Abstract and Keywords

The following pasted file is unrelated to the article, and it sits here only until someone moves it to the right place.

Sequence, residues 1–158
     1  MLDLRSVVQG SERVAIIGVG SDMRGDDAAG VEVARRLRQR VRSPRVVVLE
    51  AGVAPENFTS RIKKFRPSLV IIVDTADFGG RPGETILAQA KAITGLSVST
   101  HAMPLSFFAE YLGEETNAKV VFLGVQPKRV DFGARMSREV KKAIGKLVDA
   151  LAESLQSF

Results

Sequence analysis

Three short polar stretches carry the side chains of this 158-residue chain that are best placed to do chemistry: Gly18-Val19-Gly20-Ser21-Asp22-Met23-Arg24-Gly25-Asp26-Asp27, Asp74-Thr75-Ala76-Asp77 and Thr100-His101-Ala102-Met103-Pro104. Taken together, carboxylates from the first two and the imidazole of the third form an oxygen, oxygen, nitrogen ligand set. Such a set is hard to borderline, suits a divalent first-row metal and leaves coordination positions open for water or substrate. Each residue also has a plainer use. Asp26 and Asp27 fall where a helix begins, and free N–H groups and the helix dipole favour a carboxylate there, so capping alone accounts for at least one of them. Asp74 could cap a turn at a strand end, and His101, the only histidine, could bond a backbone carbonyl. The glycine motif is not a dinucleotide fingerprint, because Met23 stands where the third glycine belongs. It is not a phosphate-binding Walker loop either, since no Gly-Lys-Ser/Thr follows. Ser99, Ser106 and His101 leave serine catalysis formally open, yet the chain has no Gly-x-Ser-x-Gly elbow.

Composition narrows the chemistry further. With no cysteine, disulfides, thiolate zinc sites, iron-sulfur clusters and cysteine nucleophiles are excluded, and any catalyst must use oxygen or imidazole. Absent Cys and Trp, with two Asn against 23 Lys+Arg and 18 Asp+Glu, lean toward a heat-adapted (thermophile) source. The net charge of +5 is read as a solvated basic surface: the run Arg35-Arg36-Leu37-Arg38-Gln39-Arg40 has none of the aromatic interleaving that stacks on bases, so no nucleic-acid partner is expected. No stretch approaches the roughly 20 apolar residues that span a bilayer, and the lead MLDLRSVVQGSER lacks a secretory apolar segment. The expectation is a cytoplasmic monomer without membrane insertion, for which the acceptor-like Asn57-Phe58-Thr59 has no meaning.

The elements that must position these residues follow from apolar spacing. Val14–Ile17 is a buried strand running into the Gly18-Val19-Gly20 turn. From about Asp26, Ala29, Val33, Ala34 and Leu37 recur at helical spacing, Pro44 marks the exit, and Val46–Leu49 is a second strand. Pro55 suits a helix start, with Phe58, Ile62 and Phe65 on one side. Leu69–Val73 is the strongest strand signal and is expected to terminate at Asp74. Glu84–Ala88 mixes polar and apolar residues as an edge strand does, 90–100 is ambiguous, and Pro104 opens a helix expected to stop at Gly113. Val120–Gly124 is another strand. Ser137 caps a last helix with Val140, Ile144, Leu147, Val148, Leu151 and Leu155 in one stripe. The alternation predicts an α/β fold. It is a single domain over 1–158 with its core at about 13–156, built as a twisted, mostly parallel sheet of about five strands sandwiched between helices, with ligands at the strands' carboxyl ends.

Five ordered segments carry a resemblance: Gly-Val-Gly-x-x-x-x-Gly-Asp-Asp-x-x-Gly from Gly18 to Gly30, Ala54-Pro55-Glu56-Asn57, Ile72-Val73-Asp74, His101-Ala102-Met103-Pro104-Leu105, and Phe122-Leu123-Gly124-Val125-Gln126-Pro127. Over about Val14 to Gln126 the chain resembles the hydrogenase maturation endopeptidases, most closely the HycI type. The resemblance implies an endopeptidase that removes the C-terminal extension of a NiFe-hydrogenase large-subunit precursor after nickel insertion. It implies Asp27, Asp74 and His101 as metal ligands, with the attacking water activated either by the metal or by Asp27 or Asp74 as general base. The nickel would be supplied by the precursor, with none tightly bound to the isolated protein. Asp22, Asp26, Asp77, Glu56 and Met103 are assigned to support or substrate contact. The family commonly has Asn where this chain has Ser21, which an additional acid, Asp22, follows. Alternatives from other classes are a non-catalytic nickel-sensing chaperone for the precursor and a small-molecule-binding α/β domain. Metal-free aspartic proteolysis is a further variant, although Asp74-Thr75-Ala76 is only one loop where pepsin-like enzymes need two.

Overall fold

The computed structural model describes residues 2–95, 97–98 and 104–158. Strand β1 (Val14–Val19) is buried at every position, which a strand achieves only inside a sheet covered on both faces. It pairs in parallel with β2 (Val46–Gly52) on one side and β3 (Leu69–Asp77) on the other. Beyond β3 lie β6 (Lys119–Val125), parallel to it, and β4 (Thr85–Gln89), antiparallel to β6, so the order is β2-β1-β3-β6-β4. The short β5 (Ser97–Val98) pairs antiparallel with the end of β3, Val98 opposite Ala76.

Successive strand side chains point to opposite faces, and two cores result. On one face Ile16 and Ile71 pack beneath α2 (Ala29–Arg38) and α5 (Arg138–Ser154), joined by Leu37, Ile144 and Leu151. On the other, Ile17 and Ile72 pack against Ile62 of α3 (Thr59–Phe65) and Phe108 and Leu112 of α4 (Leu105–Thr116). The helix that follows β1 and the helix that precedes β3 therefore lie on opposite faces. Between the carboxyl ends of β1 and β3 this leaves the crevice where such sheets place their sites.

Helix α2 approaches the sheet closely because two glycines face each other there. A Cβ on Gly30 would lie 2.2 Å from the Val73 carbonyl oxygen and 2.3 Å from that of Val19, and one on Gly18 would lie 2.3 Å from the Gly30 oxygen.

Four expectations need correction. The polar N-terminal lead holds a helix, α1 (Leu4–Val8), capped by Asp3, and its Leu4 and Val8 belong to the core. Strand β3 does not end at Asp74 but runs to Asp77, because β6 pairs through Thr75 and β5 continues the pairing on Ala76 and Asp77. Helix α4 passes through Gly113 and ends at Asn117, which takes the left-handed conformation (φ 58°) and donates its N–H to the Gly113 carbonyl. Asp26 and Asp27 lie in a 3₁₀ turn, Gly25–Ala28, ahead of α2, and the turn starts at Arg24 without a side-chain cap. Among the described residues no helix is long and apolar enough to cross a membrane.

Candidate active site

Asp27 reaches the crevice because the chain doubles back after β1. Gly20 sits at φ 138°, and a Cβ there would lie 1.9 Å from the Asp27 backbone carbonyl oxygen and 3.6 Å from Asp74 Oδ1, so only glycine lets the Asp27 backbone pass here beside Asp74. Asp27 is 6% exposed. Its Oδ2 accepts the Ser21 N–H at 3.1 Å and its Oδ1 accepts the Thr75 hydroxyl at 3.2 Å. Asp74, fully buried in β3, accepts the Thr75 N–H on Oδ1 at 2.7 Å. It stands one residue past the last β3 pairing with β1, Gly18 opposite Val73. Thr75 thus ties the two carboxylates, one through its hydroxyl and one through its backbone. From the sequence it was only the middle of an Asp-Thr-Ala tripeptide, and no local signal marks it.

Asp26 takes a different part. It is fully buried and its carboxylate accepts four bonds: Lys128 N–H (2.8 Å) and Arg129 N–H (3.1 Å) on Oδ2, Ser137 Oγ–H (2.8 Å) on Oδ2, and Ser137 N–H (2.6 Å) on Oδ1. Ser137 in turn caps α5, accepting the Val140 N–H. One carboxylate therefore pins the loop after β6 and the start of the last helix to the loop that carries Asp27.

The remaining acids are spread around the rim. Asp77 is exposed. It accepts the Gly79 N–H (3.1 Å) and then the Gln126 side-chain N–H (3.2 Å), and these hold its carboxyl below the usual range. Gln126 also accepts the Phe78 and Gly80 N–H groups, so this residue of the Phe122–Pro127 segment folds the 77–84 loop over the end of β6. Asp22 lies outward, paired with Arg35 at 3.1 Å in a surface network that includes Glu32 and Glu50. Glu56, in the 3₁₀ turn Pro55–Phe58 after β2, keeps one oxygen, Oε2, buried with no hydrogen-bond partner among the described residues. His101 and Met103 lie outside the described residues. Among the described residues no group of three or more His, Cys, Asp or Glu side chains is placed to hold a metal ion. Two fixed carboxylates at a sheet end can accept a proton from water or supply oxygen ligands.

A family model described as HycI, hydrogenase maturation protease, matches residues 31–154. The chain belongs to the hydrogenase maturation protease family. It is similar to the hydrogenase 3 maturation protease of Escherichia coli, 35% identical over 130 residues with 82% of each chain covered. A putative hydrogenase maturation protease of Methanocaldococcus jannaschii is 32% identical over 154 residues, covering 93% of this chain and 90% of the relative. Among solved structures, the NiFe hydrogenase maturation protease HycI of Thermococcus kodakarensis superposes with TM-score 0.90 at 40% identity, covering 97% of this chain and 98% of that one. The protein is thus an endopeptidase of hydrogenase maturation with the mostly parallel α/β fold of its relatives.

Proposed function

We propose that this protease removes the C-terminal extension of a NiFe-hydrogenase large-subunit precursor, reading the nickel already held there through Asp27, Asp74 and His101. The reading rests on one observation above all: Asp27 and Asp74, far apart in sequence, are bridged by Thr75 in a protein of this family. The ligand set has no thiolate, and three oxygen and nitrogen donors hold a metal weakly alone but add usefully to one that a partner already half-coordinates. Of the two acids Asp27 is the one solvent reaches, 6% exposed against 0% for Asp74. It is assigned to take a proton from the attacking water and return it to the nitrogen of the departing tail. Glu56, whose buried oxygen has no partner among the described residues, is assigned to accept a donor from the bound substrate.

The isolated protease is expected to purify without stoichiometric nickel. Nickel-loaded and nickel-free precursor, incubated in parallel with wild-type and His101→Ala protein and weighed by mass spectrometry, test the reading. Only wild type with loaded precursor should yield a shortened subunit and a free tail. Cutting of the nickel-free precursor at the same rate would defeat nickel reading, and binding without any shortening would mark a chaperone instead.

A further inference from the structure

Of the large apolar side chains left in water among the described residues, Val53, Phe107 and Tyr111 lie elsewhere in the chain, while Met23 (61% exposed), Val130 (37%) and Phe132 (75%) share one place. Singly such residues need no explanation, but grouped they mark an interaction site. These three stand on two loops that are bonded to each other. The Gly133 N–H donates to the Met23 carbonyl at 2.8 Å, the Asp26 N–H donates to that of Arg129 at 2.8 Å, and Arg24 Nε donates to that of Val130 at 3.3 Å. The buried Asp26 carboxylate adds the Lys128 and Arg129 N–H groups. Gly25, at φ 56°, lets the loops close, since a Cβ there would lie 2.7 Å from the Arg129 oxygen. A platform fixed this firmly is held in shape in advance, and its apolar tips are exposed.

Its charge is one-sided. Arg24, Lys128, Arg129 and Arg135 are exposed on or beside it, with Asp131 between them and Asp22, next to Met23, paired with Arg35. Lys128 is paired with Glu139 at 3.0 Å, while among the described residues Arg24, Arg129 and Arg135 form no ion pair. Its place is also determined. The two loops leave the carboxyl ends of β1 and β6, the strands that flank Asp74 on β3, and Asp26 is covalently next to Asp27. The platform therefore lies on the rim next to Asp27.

Food and work are inextricably linked, but this relationship has never been straightforward. People have used a wide array of strategies to transform raw materials into food, and these strategies reflect the different social contexts and systems in which food has been eaten. This article explores the tremendous amount of labor necessary to produce food and establishes the central role of labor to studies of food history. It does so by focusing on food gathering, food production, and food consumption over time. after providing an overview of the early history of food work and the "commercial turn" that marked global food production and consumption beginning in the late middle ages, the article discusses three sites of food-related labor: the commercial world of food processing (especially manufacturing and retail), farms, and domestic spaces.
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